Spinocerebellar ataxia (SCA) is one of a group of genetic disorders characterized by slowly progressive incoordination of gait and is often associated with poor coordination of hands, speech, and eye movements. This frequent hand movements cause intentional tremor in these patients. Frequently, atrophy of the cerebellum occurs, and different ataxias are known to affect different regions within the cerebellum. As with other forms of ataxia, SCA results in unsteady and clumsy motion of the body due to a failure of the fine coordination of muscle movements, along with other symptoms.

The symptoms of an ataxia vary with the specific type and with the individual patient. In general, a person with ataxia retains full mental capacity but may progressively lose physical control.

Cause



The hereditary ataxias are categorized by mode of inheritance and causative gene or chromosomal locus. The hereditary ataxias can be inherited in an autosomal dominant, autosomal recessive, or X-linked manner.

  • Many types of autosomal dominant cerebellar ataxias for which specific genetic information is available are now known. Synonyms for autosomal-dominant cerebellar ataxias (ADCA) used prior to the current understanding of the molecular genetics were Marie's ataxia, inherited olivopontocerebellar atrophy, cerebello-olivary atrophy, or the more generic term "spinocerebellar degeneration." (Spinocerebellar degeneration is a rare inherited neurological disorder of the central nervous system characterized by the slow degeneration of certain areas of the brain. There are three forms of spinocerebellar degeneration: Types 1, 2, 3. Symptoms begin during adulthood.)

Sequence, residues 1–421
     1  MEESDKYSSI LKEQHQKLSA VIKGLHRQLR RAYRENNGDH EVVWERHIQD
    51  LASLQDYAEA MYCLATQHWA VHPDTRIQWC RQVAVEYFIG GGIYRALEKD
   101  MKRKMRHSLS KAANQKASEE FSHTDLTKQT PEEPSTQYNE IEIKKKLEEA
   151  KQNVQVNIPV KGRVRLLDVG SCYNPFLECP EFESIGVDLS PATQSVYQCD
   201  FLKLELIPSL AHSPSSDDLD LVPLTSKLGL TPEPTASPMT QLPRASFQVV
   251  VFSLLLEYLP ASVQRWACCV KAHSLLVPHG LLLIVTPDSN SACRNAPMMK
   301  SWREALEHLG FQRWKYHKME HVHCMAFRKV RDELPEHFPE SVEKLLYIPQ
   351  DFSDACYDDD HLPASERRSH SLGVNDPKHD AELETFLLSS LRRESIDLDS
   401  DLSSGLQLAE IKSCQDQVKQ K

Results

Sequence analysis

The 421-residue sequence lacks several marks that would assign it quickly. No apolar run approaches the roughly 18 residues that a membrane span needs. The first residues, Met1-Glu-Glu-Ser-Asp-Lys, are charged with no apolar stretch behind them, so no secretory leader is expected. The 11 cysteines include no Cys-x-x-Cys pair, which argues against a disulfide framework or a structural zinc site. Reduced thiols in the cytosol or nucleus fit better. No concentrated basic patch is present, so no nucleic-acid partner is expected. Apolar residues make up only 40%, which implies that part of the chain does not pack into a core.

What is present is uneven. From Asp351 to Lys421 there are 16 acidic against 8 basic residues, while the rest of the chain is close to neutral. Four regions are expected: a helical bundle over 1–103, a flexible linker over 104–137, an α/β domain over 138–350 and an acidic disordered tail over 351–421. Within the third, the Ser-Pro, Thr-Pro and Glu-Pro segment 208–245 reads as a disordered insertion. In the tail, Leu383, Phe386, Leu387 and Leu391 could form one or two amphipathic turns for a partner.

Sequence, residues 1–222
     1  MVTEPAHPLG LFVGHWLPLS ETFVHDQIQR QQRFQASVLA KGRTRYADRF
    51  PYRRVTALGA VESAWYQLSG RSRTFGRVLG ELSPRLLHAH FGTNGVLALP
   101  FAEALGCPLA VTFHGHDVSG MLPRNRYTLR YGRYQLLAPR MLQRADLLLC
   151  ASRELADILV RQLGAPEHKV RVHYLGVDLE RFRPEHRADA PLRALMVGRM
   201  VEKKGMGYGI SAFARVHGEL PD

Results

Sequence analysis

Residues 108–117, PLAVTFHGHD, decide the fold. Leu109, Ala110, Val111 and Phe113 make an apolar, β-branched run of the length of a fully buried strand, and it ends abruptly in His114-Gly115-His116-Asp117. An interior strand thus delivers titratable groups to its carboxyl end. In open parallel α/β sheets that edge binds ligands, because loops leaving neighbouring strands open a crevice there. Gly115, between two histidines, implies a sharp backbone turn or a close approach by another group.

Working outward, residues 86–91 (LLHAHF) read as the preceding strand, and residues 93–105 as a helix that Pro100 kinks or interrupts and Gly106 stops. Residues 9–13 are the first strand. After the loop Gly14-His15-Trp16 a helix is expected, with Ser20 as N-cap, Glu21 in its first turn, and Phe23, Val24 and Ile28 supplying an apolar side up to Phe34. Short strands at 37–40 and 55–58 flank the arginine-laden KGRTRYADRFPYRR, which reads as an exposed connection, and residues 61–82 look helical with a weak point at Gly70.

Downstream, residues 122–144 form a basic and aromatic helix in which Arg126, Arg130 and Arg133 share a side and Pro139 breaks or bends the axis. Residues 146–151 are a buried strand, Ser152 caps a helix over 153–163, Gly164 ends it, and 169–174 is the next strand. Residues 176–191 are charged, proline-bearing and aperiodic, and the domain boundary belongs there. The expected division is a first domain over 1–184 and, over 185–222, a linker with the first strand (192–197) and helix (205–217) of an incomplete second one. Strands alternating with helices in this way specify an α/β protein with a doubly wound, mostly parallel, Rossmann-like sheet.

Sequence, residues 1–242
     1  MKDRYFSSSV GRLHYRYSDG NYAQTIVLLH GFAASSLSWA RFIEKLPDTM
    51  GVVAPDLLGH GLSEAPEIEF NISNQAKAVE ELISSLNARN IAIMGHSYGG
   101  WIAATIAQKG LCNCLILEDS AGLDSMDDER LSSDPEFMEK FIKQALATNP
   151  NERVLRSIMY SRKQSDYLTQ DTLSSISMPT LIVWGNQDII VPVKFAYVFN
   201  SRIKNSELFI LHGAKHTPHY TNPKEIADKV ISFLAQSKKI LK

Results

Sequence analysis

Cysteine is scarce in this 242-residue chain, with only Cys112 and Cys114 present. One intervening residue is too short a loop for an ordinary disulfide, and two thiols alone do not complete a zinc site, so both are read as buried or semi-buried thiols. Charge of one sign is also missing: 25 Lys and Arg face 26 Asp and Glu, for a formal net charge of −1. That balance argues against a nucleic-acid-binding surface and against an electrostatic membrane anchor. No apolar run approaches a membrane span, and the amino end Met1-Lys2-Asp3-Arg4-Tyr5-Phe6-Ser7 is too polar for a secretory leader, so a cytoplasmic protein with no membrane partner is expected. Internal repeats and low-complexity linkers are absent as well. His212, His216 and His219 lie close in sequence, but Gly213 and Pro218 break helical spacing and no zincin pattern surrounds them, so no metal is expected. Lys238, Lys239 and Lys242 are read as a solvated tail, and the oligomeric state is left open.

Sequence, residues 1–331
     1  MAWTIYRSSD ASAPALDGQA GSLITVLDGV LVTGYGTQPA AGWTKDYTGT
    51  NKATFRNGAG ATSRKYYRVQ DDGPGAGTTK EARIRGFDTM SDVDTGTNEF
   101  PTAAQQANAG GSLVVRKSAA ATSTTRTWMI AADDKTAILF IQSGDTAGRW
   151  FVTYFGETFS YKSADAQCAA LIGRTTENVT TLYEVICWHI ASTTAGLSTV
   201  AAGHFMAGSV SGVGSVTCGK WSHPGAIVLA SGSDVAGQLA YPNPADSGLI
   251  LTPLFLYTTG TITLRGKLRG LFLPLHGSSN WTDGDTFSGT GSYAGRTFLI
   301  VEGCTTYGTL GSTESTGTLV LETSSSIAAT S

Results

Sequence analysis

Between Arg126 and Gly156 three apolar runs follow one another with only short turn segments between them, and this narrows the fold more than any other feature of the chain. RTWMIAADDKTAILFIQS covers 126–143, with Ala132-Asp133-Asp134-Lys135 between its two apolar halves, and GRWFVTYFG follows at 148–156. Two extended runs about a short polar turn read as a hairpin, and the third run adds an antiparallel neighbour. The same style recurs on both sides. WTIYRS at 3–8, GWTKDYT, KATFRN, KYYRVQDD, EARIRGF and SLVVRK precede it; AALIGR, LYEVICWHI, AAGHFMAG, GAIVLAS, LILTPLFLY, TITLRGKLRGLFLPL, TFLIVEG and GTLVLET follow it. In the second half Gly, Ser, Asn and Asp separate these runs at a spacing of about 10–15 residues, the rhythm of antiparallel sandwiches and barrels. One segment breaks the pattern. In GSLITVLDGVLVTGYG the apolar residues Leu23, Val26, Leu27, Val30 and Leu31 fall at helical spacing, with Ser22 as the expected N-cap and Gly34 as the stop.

• There are five typical autosomal-recessive disorders in which ataxia is a prominent feature: Friedreich ataxia, ataxia-telangiectasia, ataxia with vitamin E deficiency, ataxia with oculomotor apraxia (AOA), spastic ataxia. Disorder subdivisions: Friedreich's ataxia, Spinocerebellar ataxia, Ataxia telangiectasia, Vasomotor ataxia, Vestibulocerebellar, Ataxiadynamia, Ataxiophemia, Olivopontocerebellar atrophy, and Charcot-Marie-Tooth disease.
  • There have been reported cases where a polyglutamine expansion may lengthen when passed down, which often can result in an earlier age-of-onset and a more severe disease phenotype for individuals who inherit the disease allele. This falls under the category of genetic anticipation.

Treatment